This is where the son comes in. Like I said, on the surface Mark has nothing in common with his father.  He is  a front runner for an independent rock band called the Eels.  According to the NOVA program much of Mark’s music is dark, focusing on mental illness, abuse, and death.  To give you an idea one of their most famous songs is called “Novocaine for the Soul”. Apparently much of the darkness in the music came from a lonely childhood with a father obsessed with work and science.  On the program Mark tells the story of a conversation over the dishes he had with his father just before he passed away.  Of this simple chat he says “We joked around a little and I remember thinking that it was the most human, real conversation I’d ever had with him. He even told me a joke.”

Later the next day his father dies, and he is devastated by the missed opportunities.  Eventually Mark tries to put his feelings to music and as he struggles he realizes something about his father.  He learns they had a key similarity:

“I realized that I had been feeling that same thing he must have been feeling all those years when he couldn’t be bothered because he always had some crazy ideas he was trying to sort out in his head. You’re just about to crack the code and the kid wants to play baseball. I get it now. We’re both “idea men” and anything outside of these ideas is a distraction.”

With this understanding Mark begins to learn more about the ideas of his father.  Finally it occurs to him that their lives are the ultimate example of the Many World’s theory.  Two worlds co-existing independently of each other and yet intrinsically dependent on one another.   It’s like the show’s title describes: Parallel Worlds, Parallel Lives.  In the end, Mark understood his life better because of his father’s theories.  This to me is fascinating.  How often do we have answers staring at us in the face, yet we dismiss it as ordinary or familial? How often do we discount something because it is different, even offensive, and yet in that other world is the answer to our own happiness?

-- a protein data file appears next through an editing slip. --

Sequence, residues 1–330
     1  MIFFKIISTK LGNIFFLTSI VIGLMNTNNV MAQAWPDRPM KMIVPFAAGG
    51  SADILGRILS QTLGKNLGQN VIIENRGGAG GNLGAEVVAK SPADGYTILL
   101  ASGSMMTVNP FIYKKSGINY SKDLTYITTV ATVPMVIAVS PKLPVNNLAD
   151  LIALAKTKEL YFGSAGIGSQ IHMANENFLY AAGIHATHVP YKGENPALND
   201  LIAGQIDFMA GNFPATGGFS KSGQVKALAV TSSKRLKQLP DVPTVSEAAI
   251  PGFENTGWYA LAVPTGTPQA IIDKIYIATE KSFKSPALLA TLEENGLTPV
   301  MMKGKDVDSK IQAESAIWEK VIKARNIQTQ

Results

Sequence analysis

There are so many examples of parallel worlds, which if understood could enlighten both worlds.  Notice we aren’t talking about combining worlds.  They are inherently separate, but perhaps they could still teach us?  The NOVA program explores the worlds of father vs son, musician vs  scientist, and youth vs. age.  Religion would be another interesting subject for discussion.

Like I said, the science is a bit beyond me, so I hope I have done justice to the program.  If you get a chance, put it on your DVR or watch it on youtube.com . It kind of reminded me of a This American Life piece on television.- excellent and thought provoking. Check out the PBS website on the show for more information. http://www.pbs.org/wgbh/nova/manyworlds/.  On a final side note, this program would be great for teachers and homeschoolers who want to learn more about physics.  I know practically nothing and it explained complex concepts in ways even I understood.

Happy Birthday Mom

“I remember my mother’s prayers and they have always followed me. They have clung to me all my life.” — Abraham Lincoln (1809-1865)

A few weeks ago I did an entry on my dad for his birthday.  Now it is my mother’s turn for today is her birthday.  Its almost hard for me to write on my mom without it sounding too effusive.  Simply put, she was born to be a mother.  It is her gift.  She’s a natural nurturer- patient, kind and understanding.  Naturally it took me a while to appreciate all she did for me but now I marvel. Some of the specific things I love about my mom are: